99 Problems
You’re creating problems for competitive
programming practical examination, but you’re told your
problems are either too hard or too easy. Fortunately, you’ve
got 99 problems and coming up with more ain’t one. To decide on
suitable problems, you will discard problems based on their
difficulty.
After coming up with $N$ problems of difficulty $D_ i$, you will be told to discard either

The easiest problem strictly harder than difficulty $D$. If you have problems of difficulties $[10, 10, 11]$ and students find $D = 10$ too hard, you will discard $D_ i = 11$ to get $[10, 10]$.

The hardest problem not harder than difficulty $D$. If you have problems of difficulties $[10, 10, 11]$ and students find $D = 10$ too easy, you will discard the last $D_ i = 10$ to get $[10, 11]$.
Input
The first line contains two integers $N$ ($1 \le N \le 5 \times 10^5$) and $Q$ ($1 \le Q \le 10^5$).
The next line contains $N$ integers of $D_ i$ ($1 \le D_ i \le 10^9$), the difficulties of the $N$ problems you came up with.
The next $Q$ lines contain two integers $T$ ($1$ or $2$) and $D$ ($1 \le D \le 10^9$). $T$ corresponds to discarding problems strictly harder than ($1$) or not harder than ($2$) $D$.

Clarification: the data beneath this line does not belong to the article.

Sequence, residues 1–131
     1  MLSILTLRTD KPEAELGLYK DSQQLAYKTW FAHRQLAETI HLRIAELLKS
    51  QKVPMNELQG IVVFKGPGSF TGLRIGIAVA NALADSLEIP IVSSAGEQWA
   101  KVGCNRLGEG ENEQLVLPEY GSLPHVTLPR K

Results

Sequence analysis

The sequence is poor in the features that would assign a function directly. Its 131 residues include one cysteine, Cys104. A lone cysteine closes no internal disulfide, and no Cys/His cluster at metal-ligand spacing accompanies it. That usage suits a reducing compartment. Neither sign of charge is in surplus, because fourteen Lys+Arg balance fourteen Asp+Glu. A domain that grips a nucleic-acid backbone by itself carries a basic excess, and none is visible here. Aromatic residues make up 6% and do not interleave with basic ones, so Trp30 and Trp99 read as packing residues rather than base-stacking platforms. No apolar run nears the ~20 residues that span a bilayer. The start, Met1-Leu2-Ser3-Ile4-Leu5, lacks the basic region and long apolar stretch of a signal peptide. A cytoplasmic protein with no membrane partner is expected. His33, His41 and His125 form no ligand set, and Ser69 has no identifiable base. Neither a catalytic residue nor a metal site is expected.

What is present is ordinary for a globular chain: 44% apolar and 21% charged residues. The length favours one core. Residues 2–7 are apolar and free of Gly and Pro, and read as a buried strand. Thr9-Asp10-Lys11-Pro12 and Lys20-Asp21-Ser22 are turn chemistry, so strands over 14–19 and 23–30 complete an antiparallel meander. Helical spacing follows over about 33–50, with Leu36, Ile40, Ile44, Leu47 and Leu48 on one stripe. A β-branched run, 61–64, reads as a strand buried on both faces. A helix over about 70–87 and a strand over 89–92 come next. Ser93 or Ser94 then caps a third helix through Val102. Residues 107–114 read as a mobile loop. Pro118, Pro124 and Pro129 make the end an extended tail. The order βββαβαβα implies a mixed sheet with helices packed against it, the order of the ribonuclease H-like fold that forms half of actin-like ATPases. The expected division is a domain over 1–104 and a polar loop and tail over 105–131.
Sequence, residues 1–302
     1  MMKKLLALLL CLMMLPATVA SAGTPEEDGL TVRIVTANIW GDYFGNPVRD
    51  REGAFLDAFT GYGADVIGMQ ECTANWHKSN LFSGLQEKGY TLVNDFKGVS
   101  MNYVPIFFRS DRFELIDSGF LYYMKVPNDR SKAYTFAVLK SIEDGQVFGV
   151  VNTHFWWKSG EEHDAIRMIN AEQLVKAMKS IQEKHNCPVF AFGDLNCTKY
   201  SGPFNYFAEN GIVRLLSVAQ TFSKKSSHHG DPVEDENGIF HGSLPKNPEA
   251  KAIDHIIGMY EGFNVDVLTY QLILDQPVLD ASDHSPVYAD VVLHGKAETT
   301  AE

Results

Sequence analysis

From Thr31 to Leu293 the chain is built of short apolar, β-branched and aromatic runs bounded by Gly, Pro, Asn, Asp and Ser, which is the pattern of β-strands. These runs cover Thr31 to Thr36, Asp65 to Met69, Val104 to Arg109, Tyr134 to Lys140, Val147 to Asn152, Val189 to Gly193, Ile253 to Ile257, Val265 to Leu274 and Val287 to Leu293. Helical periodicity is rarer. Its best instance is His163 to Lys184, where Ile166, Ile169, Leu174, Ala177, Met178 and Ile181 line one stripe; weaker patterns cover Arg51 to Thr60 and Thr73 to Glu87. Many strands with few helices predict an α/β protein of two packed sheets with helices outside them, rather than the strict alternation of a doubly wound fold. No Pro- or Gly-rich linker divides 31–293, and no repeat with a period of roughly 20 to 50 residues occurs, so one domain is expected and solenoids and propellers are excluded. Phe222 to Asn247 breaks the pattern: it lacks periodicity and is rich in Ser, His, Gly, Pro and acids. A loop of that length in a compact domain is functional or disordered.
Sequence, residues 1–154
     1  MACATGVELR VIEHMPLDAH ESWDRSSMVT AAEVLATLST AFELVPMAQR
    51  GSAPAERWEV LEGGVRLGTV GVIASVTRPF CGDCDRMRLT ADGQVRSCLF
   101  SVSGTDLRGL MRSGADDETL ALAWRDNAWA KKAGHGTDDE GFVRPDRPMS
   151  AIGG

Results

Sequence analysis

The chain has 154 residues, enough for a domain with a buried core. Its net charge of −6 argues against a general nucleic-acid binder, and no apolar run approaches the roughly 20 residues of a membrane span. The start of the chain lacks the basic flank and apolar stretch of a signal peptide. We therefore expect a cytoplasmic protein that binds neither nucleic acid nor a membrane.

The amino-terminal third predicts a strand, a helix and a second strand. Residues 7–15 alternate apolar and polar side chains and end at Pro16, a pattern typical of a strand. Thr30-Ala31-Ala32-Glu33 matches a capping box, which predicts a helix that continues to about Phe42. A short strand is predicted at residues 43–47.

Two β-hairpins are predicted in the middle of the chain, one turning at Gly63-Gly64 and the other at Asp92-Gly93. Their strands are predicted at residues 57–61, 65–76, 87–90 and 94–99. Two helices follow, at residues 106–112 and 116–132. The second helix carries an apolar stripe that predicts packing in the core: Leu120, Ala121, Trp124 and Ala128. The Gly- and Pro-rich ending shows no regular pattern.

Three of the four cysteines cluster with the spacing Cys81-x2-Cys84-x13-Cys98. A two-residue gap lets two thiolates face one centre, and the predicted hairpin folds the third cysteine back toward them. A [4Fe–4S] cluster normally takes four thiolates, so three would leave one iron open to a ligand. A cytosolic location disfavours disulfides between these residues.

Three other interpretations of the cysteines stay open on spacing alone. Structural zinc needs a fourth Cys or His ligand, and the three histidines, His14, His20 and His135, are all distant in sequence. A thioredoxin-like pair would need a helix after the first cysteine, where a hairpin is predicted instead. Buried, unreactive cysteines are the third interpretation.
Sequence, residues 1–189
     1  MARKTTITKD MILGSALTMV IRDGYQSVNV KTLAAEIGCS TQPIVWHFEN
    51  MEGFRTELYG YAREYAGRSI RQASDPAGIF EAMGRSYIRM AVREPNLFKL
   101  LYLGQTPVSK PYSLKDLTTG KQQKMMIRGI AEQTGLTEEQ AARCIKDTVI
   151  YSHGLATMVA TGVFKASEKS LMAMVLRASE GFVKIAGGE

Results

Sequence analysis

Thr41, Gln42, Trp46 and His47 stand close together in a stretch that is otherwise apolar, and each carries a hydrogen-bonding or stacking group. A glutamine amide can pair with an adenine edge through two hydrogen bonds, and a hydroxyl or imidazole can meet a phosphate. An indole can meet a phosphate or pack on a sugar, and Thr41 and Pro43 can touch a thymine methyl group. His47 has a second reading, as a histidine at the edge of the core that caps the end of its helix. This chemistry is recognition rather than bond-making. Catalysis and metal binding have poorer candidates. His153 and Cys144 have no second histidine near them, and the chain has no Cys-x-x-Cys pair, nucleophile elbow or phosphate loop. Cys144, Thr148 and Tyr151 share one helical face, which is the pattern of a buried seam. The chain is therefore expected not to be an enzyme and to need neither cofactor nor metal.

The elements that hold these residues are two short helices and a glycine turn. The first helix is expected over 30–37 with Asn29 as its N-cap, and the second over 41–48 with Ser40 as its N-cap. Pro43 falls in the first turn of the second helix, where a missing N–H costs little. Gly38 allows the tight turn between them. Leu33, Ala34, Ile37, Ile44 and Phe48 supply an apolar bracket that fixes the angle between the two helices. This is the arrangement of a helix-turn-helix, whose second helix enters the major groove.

Output
For each problem discarded, print the difficulty $D_ i$ of the problem on a new line. If a problem of the required difficulty does not exist or was previously discarded, print $1$.
Subtasks

($1$ Points): Sample Input.

($18$ Points): $N \le 10^4$, $Q \le 10^4$, $D \le 10^3$ and $T = 1$.

($22$ Points): $N \le 10^4$, $Q \le 10^4$ and $D_ i \le 10^3$.

($19$ Points): $Q \le 10^4$ and $D_ i \le 10^3$.

($25$ Points): $Q \le 10^4$ and $D_ i$ are unique.

($15$ Points): No additional constraints.
Warning
The I/O files are large. Please use fast I/O methods.
Sample Input 1  Sample Output 1 

3 4 10 10 11 1 10 1 10 1 9 1 5 
11 1 10 10 
Sample Input 2  Sample Output 2 

3 4 10 10 11 2 10 2 10 2 10 2 15 
10 10 1 11